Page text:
228. There are some recent signs of movement in this area. The Paymaster General told us that the Commission had been asked to bring forward a mandate for a study on corporate taxation, and that the Government had "insisted that the Commission should also be required under the mandate to consider the beneficial impact of tax competition on the competitiveness of European business and employment in Europe". She promised that Parliament would be notified when the mandate was agreed (Q 421). Meanwhile, the Government's view was clear:

    "We actively argue against harmonisation of corporate tax rates. We do not believe that is the way forward. We want a competitive United Kingdom and European economy facing outwards into the global market and engaging in it. Questions about harmonisation of tax rates or bases are not helpful in those objectives" (Q 447).

The views of other Member States vary. We were told that "Germany probably could not agree on the harmonisation of … the normal corporate income tax rates"(Q 200). France does not wish "to harmonise corporate tax in the same way as we tried to do it for VAT" (Q 244). The Luxembourg Minister of Justice and the Budget, on the other hand, "would like to see a Directive on corporate taxation being adopted in parallel with a Directive on savings"[148].

229. We asked some of our witnesses to predict what might happen in this field. Malcolm Gammie believed that if corporate taxation was to be maintained at all rather than just withering because of the process of competition between Member States[149], Community measures of some sort would eventually be necessary. "The practicalities of running a [different] system in different Member States will reach a point where governments are persuaded that actually it is better to agree on a set of measures than to allow matters just to continue to develop through market pressure". The real question was whether the Community would wait until it was driven to action, or devise a policy in advance (QQ 404-405). "If you asked companies what they would like", he said, "they would prefer to have a coherent proposal that resolves all these issues rather than having to do it by an incremental process over many years" (Q 390). Peter Wilmott agreed that the initiative for change was more likely to come from business than from governments: "The more [companies] see that they are at the mercy of forces which they cannot understand or master, which may be either market forces literally in the sense of competition between tax jurisdictions or court cases at the national or European level that may or may not produce rational answers to the questions which were put to them, the more they feel that is unacceptable and the more likely they are" to ask the Commission to produce a proposal (Q 405).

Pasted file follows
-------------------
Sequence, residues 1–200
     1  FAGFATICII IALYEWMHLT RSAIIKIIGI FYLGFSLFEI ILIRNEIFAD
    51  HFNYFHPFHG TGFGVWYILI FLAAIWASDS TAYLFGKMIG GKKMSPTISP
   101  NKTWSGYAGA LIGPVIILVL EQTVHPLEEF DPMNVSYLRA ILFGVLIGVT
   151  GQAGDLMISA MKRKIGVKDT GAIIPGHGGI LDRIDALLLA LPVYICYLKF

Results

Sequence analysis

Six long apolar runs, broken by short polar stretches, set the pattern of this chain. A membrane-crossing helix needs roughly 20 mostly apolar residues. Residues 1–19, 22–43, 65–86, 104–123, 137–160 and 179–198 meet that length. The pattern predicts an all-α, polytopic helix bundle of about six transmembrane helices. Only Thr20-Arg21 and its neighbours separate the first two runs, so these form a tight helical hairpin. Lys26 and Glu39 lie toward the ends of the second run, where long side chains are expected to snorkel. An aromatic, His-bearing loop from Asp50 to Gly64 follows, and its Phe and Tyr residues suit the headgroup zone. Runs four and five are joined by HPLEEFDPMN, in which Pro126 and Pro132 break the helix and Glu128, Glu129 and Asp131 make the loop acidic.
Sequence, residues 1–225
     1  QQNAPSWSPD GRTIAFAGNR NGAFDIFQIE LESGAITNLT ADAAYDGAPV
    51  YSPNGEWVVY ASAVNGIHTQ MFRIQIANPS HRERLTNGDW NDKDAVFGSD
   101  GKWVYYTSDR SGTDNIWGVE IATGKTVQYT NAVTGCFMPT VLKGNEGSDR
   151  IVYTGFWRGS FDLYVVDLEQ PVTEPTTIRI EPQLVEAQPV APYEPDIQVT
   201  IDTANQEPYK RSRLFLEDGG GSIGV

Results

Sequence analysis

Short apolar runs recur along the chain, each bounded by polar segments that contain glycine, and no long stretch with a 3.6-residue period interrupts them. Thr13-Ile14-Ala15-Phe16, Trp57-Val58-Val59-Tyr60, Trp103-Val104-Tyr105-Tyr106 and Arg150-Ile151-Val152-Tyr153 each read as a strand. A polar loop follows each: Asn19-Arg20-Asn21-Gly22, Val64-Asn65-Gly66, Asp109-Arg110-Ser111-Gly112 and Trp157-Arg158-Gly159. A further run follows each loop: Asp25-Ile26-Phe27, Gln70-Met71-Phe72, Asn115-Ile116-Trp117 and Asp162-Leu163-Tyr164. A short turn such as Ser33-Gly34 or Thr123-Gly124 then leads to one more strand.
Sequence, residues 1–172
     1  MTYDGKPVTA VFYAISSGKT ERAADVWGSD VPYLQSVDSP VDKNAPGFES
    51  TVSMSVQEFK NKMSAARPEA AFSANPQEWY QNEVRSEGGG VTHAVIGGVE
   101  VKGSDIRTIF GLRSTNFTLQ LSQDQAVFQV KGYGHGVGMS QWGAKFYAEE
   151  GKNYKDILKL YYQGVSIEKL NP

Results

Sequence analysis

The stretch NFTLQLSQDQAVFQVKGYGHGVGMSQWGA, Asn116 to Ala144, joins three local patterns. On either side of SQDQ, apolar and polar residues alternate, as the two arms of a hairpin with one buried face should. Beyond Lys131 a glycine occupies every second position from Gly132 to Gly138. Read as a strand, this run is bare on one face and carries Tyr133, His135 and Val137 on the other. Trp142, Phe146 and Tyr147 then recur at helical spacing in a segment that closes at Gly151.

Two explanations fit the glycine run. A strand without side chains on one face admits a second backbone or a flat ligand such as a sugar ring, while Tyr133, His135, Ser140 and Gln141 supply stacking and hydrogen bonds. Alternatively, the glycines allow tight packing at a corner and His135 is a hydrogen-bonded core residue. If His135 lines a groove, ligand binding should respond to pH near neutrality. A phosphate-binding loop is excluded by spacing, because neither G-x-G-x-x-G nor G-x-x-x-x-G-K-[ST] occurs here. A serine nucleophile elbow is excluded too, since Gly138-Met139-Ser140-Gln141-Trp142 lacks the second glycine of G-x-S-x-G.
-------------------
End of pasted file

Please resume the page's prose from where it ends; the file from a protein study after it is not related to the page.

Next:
230. In view of the increasing integration of business within the EU and increasing globalisation, there are some attractions for both companies and tax authorities in the idea of harmonised corporate taxation. The only comprehensive solution suggested to us was a system where companies would pay tax to, and by the rules of, their chosen "home State". But such a system presents various problems. It would in our view require a considerable degree of harmonisation of effective tax rates, to avoid businesses seeking out low-tax Member States in what some might regard as harmful tax competition. Because existing corporate tax structures are so diverse, we find it hard to envisage how agreement on a common system could be reached (even if the political will were there) and how the transition could be made. And the attribution of revenue to the various Member States in which businesses operated would require a centralised bureaucracy. Businesses may ultimately come to feel that to be a price worth paying for greater certainty, and we would well understand their wish to see Member States adopt policies to that end.